But yet, articles like this wondering why the World Series is bleeding ratings and sounding a death knell for the sport of baseball still get written. For a sport that doesn't get great ratings nationally, revenue records are still being set. Gee, what could that mean? Somebody somewhere must be enjoying watching the sport of baseball.

But if the millennials are tuning the game out, why would the following generation suddenly start tuning in?

That's a great question. If World Series ratings are decreasing and there is less perceived interest in the World Series and baseball in general, why would baseball have record gross revenues?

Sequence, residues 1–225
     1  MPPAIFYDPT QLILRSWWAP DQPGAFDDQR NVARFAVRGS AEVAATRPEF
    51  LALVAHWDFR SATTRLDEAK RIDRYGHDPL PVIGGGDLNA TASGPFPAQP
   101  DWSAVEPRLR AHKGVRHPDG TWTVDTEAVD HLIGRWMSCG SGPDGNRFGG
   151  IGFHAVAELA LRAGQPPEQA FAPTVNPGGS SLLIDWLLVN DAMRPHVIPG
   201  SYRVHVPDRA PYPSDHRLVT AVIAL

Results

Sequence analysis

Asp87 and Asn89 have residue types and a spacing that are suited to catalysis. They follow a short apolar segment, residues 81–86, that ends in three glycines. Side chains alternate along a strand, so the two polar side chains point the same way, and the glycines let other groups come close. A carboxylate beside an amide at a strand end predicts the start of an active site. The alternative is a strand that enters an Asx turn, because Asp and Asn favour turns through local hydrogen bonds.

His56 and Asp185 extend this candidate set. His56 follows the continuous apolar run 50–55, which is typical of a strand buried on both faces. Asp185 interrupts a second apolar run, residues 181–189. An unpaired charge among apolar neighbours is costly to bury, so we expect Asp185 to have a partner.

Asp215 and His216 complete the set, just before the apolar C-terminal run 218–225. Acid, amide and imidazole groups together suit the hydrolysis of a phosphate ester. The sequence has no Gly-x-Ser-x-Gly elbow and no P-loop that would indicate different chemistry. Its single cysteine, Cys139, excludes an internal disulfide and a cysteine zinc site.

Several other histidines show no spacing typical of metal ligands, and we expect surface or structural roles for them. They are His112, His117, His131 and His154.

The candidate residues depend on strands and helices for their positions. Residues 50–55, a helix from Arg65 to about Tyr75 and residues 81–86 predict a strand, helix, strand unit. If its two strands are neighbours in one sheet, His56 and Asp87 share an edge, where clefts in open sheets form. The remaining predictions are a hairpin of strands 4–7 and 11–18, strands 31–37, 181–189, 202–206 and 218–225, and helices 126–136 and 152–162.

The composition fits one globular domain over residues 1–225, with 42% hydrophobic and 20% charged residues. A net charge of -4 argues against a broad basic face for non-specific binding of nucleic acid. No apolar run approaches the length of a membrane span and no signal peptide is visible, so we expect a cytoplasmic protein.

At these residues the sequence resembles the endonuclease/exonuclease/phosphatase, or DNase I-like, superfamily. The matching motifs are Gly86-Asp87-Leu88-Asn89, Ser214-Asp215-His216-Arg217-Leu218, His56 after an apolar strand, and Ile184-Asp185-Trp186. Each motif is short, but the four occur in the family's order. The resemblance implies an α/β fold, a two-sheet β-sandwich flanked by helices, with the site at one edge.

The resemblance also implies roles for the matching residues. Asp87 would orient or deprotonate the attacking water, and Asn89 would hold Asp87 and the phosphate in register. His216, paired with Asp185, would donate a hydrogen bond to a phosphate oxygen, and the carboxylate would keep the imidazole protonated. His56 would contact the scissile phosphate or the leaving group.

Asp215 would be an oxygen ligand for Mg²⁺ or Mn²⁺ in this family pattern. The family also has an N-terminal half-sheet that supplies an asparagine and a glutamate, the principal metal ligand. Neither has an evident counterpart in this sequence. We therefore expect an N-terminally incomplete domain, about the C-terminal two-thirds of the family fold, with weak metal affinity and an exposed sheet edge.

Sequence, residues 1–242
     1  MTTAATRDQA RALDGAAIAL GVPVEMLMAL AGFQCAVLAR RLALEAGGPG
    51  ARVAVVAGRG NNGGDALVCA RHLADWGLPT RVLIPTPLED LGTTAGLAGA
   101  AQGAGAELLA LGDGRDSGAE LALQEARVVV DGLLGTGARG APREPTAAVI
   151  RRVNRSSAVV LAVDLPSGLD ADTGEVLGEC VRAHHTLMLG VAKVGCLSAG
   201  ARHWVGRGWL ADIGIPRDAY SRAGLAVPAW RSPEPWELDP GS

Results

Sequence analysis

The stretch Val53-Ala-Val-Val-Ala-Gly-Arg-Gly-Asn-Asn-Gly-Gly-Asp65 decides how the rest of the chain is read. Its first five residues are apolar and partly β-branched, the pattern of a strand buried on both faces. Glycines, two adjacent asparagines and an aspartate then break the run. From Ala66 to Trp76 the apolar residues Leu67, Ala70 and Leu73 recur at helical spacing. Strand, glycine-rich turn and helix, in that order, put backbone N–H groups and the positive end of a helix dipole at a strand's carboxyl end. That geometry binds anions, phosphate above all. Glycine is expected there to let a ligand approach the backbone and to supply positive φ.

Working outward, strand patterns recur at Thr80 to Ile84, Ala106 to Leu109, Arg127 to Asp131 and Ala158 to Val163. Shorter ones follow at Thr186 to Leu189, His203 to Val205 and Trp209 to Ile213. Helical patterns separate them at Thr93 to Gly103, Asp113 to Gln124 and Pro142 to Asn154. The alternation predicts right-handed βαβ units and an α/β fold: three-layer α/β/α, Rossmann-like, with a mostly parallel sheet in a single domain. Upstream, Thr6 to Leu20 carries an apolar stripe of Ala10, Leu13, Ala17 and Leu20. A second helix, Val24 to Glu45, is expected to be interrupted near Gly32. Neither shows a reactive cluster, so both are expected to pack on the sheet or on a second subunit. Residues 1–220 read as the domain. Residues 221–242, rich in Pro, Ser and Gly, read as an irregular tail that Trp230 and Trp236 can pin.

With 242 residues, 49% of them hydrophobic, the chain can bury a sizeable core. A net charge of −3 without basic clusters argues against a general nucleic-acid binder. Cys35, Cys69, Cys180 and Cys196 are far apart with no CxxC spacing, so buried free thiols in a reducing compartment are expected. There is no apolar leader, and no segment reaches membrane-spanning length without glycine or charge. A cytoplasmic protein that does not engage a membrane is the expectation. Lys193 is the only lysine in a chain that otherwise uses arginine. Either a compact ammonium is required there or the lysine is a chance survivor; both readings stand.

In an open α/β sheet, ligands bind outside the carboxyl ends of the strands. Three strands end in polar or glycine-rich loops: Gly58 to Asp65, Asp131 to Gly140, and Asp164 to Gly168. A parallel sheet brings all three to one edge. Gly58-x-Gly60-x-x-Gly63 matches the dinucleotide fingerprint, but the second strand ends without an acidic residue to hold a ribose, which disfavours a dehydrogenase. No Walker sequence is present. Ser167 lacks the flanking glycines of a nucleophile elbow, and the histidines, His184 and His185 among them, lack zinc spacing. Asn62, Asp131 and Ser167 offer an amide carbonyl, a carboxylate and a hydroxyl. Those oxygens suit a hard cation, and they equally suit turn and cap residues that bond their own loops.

Of course, closer games would have helped this World Series, but four of the first five games were decided by five or more runs. Game 6 was highly anticipated because of the possibility of a Giants' clincher, but once the Royals scored those seven second-inning runs you almost could hear America brushing its teeth and getting ready for bed.

Specifically because it is not 1985 and there are quite a few options other than the World Series on television on a Tuesday evening. So a World Series game that lacks tension won't be viewed by those who don't have a rooting interest in either the Giants or the Royals. It's just how it is in 2014. There are more than five options in television shows.

There should be a surge in viewers for Game 7, whose main competition will be the Bulls-Knicks season opener on ESPN.